My husband also talked me into long distance cycling last summer and I have now clocked almost 2,000 km. on the bike this summer. I feel better now than I did 10 years ago plus have lost all the weight I was trying to take off. It's never too late to start something new! Good luck to all who are trying to find that sport that will keep them motivated!



How about swimming and golf walking not in a cart?



i would love to rock climb, and i do love ice skating, but am now terrified since the last time i did it i broke my leg. for me i switch things up all the time, i do dance (all different kinds) yoga, running, biking, and kettle bell.



Original Post by: electric_curlz

Do you by any chance have a link for me to click through to see these articles you're suggesting?  I've done a quick search for "excersise with what you've got" and haven't found anything relevant...

A link would be most appreciated!


Fill a large pot of water to a boil. Hold it up over your face while lying on your back until the water cools, just kidding........

Heres a nice link to try

http://www.marilyn.ca/HealthFitness/segments.aspx/Daily/Marc h-2011/03_22_2011/SoupcanWorkout



I would think if you are active and move you would lose weight. No matter what sport you do. (Golf you gotta walk... sorry)



I recently started doing martial arts and just within the first two classes I've noticed a difference.   I started because it's been a long life goal of mine to try to get a black belt for self defense purposes.  It's been an interesting experience so far with an intense warm-up, but I can already tell the results are going to be great!  My waist is getting smaller and I feel my little 2-pack starting to come back. haha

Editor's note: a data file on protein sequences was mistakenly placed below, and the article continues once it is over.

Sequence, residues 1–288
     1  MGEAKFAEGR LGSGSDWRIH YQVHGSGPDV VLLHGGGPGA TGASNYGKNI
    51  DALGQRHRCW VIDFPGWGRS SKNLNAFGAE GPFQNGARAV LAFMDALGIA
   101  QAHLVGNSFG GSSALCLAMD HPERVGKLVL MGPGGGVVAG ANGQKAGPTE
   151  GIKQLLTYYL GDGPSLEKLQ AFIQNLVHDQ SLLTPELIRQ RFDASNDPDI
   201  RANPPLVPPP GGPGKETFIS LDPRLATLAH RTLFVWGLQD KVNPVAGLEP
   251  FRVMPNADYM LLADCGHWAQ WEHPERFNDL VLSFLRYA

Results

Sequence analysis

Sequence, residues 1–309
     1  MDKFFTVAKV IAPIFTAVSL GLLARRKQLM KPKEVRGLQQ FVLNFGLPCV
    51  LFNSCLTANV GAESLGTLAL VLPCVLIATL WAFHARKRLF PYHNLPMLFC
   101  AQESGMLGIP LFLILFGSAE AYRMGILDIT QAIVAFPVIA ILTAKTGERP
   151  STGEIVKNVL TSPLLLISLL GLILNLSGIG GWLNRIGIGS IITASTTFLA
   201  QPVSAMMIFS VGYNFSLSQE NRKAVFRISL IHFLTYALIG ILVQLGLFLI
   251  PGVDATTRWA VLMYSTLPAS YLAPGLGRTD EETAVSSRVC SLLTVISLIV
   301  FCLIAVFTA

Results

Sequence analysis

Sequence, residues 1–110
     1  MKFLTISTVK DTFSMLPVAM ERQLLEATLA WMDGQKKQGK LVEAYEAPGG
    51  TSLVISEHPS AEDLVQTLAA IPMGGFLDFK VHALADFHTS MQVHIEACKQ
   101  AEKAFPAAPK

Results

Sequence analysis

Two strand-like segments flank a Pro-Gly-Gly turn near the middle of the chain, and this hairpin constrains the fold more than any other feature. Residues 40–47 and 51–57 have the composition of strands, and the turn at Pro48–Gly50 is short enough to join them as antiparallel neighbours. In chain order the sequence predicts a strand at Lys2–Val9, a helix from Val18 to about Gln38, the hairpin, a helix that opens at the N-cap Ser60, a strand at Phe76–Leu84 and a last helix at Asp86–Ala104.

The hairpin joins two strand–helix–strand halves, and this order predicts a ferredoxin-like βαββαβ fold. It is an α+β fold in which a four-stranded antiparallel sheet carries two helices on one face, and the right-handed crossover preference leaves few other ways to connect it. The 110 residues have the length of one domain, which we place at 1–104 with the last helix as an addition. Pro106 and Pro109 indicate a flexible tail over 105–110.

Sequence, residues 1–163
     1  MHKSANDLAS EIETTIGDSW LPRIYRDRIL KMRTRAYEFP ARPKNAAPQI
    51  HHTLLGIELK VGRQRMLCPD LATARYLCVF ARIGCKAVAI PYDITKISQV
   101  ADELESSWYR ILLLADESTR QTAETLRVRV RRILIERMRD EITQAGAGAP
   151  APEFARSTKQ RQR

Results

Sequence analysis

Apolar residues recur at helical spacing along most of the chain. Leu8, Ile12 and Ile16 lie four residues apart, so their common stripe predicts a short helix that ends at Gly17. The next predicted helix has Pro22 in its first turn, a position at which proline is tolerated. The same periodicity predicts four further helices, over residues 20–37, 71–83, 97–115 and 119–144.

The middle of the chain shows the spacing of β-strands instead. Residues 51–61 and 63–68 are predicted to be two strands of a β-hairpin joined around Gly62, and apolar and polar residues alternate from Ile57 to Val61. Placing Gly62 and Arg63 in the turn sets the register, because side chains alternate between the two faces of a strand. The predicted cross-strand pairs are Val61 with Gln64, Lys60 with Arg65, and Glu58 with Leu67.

I'm a busy Architecture grad student with 3 night classes each week so I hardly have time to exercise every day, even though I'd like to.  So taking these martial art classes twice a week and trying to stretch more every day I think will definately give me the results I'm looking for!



I have been taking karate for 3 years, and it is a blast! Part of my excersising problem was asthma, which I got in check about 2 years ago, but it's something you can do relatively inexpensively, and it's great strength and cardio training.  Since then I have added running (I'm running my first half marathon next month), ultimate frisbee in the summers and horseback riding. I honestly haven't lost a ton of weight, but the inches have come off and I am much more toned!

I know finding the time is hard, but totally worth it! I'm married and a full time teacher, but making time for excerise makes my work day so much better! Don't give up! You can do it!



It's so important to do an activity you truly enjoy.  For me it's cycling, and I can burn about 400 calories by cycling to work each day (8 km at a 20 k/hr pace).  The ride is 25 minutes, the drive is 10, so I have to time budget it.    I'm lucky to have lots of trails to ride on so I don't have the worry of cars or traffic.  As said though, the activity has to fit your lifestyle and be enjoyable. 



Wallking helps us maintain both muscle mass and metabolism as we age. We also reserves the young spirit. For those who are not as athletic or not inclined, walking is not any stress. It only takes a little time, reason and some guidelines. Unfortunately, it’s more a lack of information regarding walking, weight loss and diets. Walking is one of the best exercises for strengthening bones, controlling weight,toning the leg muscles, maintaining a properly kept and improved self-confidence.People who do exercise without dieting, we ight gain often with time. Although  weight may initially drop while&nb sp;dieting, it actually consists of water loss and muscle.When this amount is, however, will be as fat. To avoid weight gain over time,strengthen your metabolism by doing exercises every day.  To lose weight, it is important not to follow the speed. Moderate walking speed provides more time training without  ;any inconvenience - more kilometers&nbs p;and morecalories burned. www.calotor.com